Have you ever stopped to wonder why the major books of the Bible were all written by a John, Mark, Matthew and Luke? My point is why do we have books so important, yet written by four people with no second names. If a traffic officer stops you for a driving offence and he asks you what your name is, will you tell him ‘Luke’. Just Luke? It sounds ridiculous. This is one way of perpetuating methodical forgeries. According to Richard Carrier, “Unsigned works are a peculiar Christian phenomenon, in works with a dogmatic, apologetic, and propagandistic aim in other words, works already suspect, and thus made even more so by an author’s anonymity.”
It is generally well-known that most of the texts in both the Hebrew bible and the New Testament were forged in the names of their authors to give them authority. This merely helped others recognise ‘the higher truths’ presented to them. Who could argue with Solomon, say, or Apostles of the Lord?
John Chrysostom, 5th century theologian and bishop of Constantinople said: “Do you see the advantage of deceit? …For great is the value of deceit, provided it be not introduced with a mischievous intention. In fact action of this kind ought not to be called deceit, but rather a kind of good management, cleverness and skill, capable of finding out ways where resources fail, and making up for the defects of the mind …And often it is necessary to deceive, and to do the greatest benefits by means of this device, whereas he who has gone by a straight course has done great mischief to the person whom he has not deceived.” (Chrysostom, Treatise On The Priesthood, Book 1)
The art of Christian forgery reached its peak in the 5th and 6th centuries. Faustus, a Manichaean and sworn enemy of St. Augustine said: “Many things have been inserted by our ancestors in the speeches of our Lord which, though put forth under his name, agree not with his faith; especially since as already it has been often proved these things were written not by Christ, nor [by] his apostles, but a long while after their assumption, by I know not what sort of half Jews, not even agreeing with themselves, who made up their tale out of reports and opinions merely, and yet, fathering the whole upon the names of the apostles of the Lord or on those who were supposed to follow the apostles, they maliciously pretended that they had written their lies and conceits according to them.”
This took a frightening dimension with the conquests of Europe and the Middle East. Acharya S, said in ‘The Christ Conspiracy’: ‘ The Church forgery mill did not limit itself to mere writings
but for centuries cranked out thousands of phony “relics” of its “Lord,” “Apostles” and “Saints” There were at least .26 ‘authentic’ burial shrouds (of Jesus) scattered throughout the abbeys of
Europe, of which the Shroud of Turin is just one. At one point, a number of churches claimed the one foreskin of Jesus, and there were enough splinters of the “True Cross” that Calvin said the amount of wood would make “a full load for a good ship.”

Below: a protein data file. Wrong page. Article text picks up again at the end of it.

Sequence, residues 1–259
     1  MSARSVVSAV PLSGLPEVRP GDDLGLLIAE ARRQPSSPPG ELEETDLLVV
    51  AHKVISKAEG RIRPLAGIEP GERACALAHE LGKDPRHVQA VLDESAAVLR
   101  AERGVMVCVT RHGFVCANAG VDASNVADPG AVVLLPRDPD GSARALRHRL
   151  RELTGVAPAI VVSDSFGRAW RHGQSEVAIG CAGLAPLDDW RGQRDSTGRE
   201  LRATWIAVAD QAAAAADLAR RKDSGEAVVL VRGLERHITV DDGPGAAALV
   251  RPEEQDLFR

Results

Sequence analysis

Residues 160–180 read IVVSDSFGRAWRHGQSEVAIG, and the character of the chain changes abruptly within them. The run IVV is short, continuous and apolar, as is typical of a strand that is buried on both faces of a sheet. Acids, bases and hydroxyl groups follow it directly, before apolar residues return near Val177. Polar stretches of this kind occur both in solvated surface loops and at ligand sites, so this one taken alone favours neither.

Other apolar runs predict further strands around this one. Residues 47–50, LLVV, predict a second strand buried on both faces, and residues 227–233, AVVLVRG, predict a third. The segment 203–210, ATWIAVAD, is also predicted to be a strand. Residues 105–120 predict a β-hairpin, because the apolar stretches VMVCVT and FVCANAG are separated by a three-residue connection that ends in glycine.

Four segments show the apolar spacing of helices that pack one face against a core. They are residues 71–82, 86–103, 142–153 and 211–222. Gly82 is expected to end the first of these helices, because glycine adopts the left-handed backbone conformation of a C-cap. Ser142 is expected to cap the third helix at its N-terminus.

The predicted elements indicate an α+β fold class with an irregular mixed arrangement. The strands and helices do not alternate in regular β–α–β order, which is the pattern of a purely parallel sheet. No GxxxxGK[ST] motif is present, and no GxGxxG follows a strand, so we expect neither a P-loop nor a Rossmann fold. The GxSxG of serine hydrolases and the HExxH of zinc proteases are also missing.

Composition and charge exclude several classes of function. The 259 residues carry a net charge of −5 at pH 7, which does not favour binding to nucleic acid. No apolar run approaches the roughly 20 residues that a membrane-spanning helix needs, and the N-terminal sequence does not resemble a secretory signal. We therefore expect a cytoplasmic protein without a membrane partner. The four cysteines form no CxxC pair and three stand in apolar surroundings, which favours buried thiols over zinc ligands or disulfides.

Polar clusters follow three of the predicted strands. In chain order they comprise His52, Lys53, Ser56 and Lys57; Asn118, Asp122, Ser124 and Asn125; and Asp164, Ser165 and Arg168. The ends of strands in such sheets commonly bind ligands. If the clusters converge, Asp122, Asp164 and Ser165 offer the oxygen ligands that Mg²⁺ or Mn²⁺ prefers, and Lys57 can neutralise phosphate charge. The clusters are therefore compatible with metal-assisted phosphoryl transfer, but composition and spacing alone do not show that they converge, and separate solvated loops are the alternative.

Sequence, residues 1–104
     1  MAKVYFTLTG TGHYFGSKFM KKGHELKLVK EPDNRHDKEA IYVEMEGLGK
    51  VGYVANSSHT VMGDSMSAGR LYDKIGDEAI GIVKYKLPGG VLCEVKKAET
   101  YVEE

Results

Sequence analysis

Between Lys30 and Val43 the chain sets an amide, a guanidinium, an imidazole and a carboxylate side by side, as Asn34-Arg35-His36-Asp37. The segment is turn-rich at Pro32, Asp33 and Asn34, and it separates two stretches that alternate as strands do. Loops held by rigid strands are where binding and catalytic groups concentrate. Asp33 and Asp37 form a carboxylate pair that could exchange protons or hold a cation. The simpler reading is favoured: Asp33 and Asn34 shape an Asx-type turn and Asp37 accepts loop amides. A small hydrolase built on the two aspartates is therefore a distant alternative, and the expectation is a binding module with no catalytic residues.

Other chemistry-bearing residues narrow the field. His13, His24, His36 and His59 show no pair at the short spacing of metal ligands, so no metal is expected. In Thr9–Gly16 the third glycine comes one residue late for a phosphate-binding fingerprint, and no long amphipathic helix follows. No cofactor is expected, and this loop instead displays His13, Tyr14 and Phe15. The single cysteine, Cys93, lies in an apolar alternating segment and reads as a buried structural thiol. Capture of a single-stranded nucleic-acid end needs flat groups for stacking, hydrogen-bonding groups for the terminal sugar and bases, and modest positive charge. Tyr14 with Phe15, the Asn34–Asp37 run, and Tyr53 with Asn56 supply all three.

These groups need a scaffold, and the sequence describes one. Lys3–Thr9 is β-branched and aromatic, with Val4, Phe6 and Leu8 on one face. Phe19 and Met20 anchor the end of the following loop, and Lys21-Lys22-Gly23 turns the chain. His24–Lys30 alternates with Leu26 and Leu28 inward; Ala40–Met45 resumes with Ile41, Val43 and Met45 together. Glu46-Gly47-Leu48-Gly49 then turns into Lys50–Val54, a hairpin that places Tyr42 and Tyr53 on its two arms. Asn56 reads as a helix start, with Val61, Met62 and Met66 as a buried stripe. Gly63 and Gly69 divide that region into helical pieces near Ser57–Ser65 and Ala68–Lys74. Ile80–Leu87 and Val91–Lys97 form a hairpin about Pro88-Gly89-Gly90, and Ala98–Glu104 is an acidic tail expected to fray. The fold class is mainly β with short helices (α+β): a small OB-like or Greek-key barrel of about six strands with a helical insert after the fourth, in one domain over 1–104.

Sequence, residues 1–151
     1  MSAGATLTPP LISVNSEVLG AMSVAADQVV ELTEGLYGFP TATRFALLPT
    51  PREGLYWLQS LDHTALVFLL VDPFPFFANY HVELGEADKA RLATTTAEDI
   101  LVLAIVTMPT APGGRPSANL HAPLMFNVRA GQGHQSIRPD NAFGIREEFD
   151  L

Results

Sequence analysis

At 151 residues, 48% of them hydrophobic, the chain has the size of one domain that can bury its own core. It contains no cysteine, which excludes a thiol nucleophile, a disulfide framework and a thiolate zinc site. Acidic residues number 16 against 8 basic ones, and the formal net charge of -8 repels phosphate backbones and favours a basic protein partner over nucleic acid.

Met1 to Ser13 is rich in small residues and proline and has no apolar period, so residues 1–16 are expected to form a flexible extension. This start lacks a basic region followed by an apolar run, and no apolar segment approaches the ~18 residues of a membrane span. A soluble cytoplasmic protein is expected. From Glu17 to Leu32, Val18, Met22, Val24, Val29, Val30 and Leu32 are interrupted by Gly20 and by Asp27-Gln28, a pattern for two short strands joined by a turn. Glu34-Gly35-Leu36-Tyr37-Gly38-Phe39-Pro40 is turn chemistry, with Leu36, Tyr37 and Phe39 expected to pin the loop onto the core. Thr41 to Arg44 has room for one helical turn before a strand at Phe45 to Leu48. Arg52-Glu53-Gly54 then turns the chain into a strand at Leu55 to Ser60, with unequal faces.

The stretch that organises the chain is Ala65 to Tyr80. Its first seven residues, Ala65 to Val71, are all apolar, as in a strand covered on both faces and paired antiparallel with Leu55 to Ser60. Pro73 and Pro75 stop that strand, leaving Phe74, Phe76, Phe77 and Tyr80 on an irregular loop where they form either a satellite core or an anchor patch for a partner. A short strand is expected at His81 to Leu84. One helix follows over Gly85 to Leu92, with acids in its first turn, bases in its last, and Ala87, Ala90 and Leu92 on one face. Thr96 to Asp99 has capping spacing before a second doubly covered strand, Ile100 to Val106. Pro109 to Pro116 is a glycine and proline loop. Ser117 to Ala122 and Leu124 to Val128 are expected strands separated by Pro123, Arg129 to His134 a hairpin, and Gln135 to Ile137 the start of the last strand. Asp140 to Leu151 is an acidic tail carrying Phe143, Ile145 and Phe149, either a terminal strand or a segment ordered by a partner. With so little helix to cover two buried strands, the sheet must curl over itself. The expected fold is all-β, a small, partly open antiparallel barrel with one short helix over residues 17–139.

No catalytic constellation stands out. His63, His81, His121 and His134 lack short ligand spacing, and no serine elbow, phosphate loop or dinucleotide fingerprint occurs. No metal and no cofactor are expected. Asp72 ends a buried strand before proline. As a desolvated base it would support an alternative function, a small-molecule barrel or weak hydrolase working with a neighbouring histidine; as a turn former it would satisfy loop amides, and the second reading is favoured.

Ignatius Loyola (1491-1556), the founder of the militant Jesuits Order wrote: “We should always be disposed to believe that which appears to us to be white is really black, if the hierarchy of the church so decides.”
Martin Luther, the reformer just couldn’t get around the lie debacle too. He wrote privately: “What harm would it do, if a man told a good strong lie for the sake of the good and for the Christian church … a lie out of necessity, a useful lie, a helpful lie, such lies would not be against God, he would accept them.” (Cited by his secretary, in a letter in Max Lenz, ed., /Briefwechsel Landgraf Phillips des Grossmüthigen von Hessen mit Bucer/, vol. I.)
Michael Alfred “Mike” Warnke of Evansville, Indiana is a Christian evangelist and comedian. With the success of his books and recordings, Warnke became one of evangelical Christianity’s best-known experts on the subject of Satanism before his claims of having been a Satanist high priest were debunked in 1991 by the magazine, Cornerstone.
Quite recently, the Pope chose to canonize Juan Diego, supposedly a sixteenth century Mexican Indian who had the good fortune to have the Blessed Virgin (in the guise of ‘Our Lady of Guadeloupe’) impress her own image onto his cloak. Commenting David Brading, Professor of Mexican History at Cambridge University said: “When the Pope canonises Juan Diego, he will have elevated to sainthood the hero of a religious work of fiction.” (The Times, 31 June 2002).
This same edition of Time Magazine continued: ‘An interview with the man given the task in 1947 of restoring Diego’s cloak, on which an image of the Virgin appeared, revealed that the image was not a miracle. Instead, he said, it had been painted on it.
New Testament scholar Bart Ehrman, in addressing the issue of early Christian forgeries, writes that there is a history of “lies and deception in the history of the Christian religion” and “irony in the fact that lies and deception have historically been used to establish the ‘truth.’” It is beyond contestation, as he points out in his recent book, ‘Forged’ (2011) that pious Christians practiced deceit on a large scale.
So, use your intuition!